Wednesday, March 25, 2015

Review - Jem and the Holograms #1

"'s showtime!"

No one will argue that the 80s featured some of the best cartoons around. Transformers, G.I. Joe, M.A.S.K., Thundercats...the list goes on. One of the shows also in those halcyon days of animation was Jem and the Holograms, a seemingly outlandish show about women rockers. It was a great show and makes for a great comic, thanks to IDW's release of Jem and the Holograms #1. The issue is written by Kelly Thompson, illustrated by Sophie Campbell, colored by M. Victoria Rabado and lettered by Robbie Robbins.

Jerrica Benton has a secret accompanied by terrible stage fright. As the lead for the Holograms, her talents as a singer-songwriter are second to none, yet her reluctance to showcase those talents in front of the cameras is what causes tension between her and the band. That doesn't really sit too well with Kimber, Shana and Aja, all of whom really want the band to work. What ensues is a mix between band drama and sibling bickering, all of which takes a back seat to the reveal at the end of the issue.

The crux of Jem and the Holograms #1 is Jerrica's inability to reconcile talent with fear. Thompson subtly explores that through the band's dynamic, as her sisters really want to do the band, but also realize Jerrica is an important part. The presence of Synergy at her father's house emboldens her to overcome her fear, even if she doesn't do it in the traditional "facing it" way. Thompson's dialogue is meticulous and allows the personalities of each sister to start standing out from the others. The reader really feels as if they're getting to know the family through their bickering and what is very obviously a love for one another.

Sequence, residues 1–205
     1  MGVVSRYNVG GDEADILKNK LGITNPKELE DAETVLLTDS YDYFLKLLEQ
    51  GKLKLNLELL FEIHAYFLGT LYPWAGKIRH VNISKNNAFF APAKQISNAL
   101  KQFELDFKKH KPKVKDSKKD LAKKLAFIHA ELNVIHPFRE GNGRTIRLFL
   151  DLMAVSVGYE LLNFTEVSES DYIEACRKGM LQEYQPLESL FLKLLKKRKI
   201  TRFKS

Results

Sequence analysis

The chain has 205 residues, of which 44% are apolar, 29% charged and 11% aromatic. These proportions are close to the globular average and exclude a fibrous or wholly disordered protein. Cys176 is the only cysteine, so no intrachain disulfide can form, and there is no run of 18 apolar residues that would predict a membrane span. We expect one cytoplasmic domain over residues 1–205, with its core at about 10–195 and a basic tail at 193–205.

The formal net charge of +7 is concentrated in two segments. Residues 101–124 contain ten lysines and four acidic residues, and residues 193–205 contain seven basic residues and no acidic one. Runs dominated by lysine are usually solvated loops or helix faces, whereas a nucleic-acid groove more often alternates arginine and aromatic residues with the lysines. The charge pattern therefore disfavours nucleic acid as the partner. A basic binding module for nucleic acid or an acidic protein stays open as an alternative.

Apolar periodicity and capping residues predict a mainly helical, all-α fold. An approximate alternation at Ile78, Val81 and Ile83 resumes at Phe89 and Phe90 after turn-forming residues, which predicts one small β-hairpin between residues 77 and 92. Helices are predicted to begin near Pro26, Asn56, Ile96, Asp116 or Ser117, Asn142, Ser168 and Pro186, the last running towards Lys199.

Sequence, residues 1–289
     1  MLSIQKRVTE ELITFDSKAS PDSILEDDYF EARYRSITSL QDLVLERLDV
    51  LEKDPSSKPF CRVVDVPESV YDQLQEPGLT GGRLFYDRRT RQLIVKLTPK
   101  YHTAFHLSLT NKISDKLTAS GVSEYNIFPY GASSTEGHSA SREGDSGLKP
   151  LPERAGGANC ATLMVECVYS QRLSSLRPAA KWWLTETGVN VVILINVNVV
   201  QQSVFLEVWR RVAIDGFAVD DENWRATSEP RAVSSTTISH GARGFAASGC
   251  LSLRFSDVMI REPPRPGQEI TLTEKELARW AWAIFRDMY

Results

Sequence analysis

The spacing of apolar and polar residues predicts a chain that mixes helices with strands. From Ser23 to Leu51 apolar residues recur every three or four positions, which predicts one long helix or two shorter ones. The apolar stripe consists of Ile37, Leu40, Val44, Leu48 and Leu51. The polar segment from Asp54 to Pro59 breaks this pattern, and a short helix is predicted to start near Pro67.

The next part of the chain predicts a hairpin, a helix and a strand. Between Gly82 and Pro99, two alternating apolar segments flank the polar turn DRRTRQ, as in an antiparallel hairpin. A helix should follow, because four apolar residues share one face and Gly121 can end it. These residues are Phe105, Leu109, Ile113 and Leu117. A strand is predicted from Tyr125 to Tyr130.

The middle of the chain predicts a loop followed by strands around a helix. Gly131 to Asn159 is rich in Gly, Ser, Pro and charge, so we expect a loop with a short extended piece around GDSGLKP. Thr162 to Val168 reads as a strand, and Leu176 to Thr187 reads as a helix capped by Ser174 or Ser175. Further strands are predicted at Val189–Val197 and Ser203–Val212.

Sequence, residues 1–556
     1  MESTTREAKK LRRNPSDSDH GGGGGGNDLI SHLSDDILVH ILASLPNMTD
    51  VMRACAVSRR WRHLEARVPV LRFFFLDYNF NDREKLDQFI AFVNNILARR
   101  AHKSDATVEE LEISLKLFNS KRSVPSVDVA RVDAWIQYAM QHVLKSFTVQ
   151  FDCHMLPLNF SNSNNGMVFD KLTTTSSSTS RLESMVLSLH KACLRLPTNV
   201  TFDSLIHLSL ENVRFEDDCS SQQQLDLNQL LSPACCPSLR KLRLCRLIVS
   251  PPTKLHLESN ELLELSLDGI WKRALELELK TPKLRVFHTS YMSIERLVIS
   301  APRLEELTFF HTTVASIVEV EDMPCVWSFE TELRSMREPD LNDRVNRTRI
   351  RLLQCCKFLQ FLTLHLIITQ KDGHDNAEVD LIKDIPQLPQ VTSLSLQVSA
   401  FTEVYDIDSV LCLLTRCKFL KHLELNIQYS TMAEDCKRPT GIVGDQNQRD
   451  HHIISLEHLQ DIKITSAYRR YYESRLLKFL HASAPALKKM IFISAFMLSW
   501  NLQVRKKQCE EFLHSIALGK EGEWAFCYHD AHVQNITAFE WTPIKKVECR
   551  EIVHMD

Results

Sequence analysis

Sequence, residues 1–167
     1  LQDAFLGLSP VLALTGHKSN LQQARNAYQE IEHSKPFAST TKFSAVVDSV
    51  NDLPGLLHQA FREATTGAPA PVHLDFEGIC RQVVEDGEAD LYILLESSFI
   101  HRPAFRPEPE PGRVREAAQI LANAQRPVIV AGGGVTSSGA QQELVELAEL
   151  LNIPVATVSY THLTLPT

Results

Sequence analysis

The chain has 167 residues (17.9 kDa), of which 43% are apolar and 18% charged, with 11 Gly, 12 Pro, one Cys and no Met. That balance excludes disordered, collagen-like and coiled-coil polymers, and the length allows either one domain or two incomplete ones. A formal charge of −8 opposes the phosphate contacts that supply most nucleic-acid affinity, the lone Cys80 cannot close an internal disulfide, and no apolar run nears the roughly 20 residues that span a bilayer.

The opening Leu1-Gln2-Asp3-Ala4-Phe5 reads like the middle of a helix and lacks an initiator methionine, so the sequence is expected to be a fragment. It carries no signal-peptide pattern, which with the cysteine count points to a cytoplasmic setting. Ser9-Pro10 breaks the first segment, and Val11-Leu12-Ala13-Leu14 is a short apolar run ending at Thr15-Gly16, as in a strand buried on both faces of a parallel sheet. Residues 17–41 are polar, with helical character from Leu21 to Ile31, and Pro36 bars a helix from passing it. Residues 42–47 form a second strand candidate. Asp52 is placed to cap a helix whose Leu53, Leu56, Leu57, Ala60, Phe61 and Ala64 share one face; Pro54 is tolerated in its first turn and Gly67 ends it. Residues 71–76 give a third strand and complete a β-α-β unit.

For a book such as Jem and the Holograms #1 to work, the art has to work and Campbell does a fantastic job. The linework is sharp and concise, forming characters that feel appropriately rendered for the property itself. Each sister looks like an individual; it would've been easy for Campbell to recycle some aspects of appearance for the four of them, but thankfully their diversity further underscores their individual personalities. The sisters stand out amidst somewhat spartan backgrounds, courtesy of Rabado's explosive color choice. If you ever wondered what a comic book about spring would look like, then Jem and the Holograms #1 is it, as Rabado relies on neons and pastels to bring the world to an effervescent life.

Jem and the Holograms #1 features a very simple plot and approach, but it works. Jerrica finds a newfound confidence in a pair of star earrings and the Holgrams are poised to break out. Thompson's dialogue gives each sister their own voice and methodically moves the plot along without getting too far ahead of itself. Campbell's art is very clean and attractive, demonstrating a focused approach that's accented by Rabado's bold color choice. Jem and the Holograms #1 will appeal to nostalgic fans familiar with the property, as well as new fans looking for a fun book to read.

Jem and the Holograms #1 is in stores now.


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